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A Southwest Airlines traveler is expressing his displeasure after he was temporarily removed from a flight for tweeting about a gate agent. Duff Watson was traveling between Denver and Minneapolis with his children, aged 6 and 9. Watson was a Southwest Airlines A list traveler, a status that granted him priority seating.

Social%20Media%20Magnified%2044298834-001.jpgWatson prepared to board the plane with his children, only to be told by a gate agent that while his A list status entitled him to early boarding privileges, his children were exempt. As a regular Southwest customer, Watson says the decision mystified him. He had been able to have priority boarding with his children on the airline on several past occasions. When the agent denied him the ability to board in the A group with his children, Watson told her that he was going to tweet about the incident.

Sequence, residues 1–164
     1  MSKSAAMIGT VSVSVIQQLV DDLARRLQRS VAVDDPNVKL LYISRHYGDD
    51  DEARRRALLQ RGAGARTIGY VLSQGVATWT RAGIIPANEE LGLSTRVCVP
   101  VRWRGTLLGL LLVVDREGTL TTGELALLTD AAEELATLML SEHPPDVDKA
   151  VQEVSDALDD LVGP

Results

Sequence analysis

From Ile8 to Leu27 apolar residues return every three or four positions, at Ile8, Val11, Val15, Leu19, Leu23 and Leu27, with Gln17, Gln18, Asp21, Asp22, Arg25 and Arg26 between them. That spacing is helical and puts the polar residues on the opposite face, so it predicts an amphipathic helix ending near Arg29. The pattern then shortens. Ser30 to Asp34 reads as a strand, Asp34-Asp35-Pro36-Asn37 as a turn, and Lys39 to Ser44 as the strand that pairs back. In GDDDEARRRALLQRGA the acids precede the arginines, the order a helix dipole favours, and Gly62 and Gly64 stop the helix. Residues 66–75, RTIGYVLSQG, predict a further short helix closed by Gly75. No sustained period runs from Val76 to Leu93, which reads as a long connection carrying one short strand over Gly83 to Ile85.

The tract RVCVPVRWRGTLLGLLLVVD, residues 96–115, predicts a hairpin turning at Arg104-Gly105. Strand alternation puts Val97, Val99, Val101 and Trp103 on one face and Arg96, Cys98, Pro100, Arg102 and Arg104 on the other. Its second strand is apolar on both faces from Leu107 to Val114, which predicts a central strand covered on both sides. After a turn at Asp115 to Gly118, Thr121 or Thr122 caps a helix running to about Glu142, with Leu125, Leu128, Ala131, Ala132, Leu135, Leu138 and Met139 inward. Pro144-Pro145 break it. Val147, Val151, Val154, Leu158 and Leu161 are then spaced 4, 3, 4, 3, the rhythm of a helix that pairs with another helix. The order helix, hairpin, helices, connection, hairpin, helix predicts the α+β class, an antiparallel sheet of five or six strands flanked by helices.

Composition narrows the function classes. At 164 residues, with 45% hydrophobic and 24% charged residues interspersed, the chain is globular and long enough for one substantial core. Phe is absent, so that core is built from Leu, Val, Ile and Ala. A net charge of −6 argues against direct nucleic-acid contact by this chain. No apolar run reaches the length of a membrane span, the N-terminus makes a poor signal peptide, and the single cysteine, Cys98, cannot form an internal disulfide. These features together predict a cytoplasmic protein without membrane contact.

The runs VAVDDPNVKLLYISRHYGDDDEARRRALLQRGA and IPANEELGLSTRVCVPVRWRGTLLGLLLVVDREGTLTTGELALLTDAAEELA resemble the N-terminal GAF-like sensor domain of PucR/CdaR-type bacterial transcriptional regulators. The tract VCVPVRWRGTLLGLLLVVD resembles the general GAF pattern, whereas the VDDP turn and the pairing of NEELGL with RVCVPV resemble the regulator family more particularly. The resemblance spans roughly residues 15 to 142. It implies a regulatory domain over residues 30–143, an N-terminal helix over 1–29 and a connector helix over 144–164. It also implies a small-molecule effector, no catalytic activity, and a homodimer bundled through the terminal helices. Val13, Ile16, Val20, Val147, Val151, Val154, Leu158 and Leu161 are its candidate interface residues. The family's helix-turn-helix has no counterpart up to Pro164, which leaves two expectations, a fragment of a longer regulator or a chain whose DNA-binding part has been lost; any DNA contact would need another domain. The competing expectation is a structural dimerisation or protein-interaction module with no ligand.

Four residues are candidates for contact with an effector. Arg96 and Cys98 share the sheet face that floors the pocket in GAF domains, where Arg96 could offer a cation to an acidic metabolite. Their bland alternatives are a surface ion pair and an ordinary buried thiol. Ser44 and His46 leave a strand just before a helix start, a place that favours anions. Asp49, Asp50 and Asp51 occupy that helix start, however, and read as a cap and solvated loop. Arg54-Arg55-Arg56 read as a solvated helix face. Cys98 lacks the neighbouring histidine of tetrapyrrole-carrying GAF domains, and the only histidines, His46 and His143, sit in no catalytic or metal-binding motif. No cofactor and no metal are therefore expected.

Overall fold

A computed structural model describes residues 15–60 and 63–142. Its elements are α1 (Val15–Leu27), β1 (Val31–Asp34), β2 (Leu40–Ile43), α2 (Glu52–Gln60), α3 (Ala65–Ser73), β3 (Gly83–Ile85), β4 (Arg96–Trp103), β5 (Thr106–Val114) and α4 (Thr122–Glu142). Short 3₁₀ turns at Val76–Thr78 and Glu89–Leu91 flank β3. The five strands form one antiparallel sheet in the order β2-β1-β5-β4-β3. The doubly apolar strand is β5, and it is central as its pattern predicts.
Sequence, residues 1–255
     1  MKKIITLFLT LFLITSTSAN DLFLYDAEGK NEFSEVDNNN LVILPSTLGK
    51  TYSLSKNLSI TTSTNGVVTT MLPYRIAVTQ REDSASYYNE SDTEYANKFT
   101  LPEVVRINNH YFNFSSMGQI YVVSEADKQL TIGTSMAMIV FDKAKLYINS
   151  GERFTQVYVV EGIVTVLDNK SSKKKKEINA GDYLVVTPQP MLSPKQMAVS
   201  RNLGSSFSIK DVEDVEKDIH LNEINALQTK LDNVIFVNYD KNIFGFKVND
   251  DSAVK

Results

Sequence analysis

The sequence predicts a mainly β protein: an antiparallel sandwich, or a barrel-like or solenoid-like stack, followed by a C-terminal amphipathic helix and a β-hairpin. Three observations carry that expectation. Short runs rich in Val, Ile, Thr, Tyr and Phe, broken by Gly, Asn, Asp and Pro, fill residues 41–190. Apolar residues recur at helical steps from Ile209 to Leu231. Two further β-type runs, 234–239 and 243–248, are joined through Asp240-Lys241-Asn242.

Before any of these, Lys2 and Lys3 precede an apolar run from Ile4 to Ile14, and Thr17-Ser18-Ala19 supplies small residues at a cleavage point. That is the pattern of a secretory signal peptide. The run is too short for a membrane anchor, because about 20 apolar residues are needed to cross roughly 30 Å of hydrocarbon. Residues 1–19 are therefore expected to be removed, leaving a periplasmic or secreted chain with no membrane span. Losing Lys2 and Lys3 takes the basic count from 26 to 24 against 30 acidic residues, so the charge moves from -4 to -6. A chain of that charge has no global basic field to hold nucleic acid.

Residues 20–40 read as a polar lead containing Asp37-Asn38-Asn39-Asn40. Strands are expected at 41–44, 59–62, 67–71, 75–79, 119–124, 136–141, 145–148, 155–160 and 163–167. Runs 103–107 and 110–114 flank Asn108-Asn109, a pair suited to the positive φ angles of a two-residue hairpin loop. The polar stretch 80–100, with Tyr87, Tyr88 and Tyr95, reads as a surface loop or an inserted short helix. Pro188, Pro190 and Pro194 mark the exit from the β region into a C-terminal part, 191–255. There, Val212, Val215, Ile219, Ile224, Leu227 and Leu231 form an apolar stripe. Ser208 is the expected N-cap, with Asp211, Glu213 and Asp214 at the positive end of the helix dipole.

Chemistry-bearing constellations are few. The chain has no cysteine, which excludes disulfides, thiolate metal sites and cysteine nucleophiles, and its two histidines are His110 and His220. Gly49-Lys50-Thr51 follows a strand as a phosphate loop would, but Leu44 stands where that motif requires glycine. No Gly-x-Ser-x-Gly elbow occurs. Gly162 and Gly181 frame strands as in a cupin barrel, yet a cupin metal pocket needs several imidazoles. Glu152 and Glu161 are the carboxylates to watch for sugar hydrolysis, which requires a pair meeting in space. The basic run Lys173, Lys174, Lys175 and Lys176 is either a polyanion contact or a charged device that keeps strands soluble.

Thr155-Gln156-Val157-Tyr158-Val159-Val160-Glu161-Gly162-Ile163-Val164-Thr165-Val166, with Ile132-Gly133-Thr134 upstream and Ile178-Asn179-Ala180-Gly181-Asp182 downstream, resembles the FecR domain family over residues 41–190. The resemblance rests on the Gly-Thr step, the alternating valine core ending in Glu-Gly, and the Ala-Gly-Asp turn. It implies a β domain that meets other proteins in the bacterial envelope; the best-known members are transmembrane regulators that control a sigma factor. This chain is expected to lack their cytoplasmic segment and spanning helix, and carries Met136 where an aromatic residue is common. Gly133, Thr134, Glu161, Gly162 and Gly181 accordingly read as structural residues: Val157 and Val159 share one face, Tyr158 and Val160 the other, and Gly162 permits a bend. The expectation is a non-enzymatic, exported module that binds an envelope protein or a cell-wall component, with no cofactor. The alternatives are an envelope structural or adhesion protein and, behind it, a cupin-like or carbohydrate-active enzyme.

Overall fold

“RUDEST AGENT IN DENVER. KIMBERLY S. GATE C39. NOT HAPPY @SWA,” was Watson’s all caps posting. He boarded the plane with his children, only to hear his name being called over the loudspeaker. They were being asked to leave the plane.

The gate agent said she felt threatened by the use of her name and location in the tweet. She requested that Watson delete the tweet before he and his children would be allowed to board the plane. Watson eventually complied after a supervisor was called in to handle the situation. However, the damage was already done.

The story has been reported in many media outlets with the deleted tweet being read more times than it might have been otherwise. Watson vows never to fly Southwest again. In a statement, the airline notes that a “customer was briefly removed from flight #2347 … to resolve the conversation outside of the aircraft and away from the other Passengers.” The statement goes on to say that Watson was not removed from the plane only because of the tweet.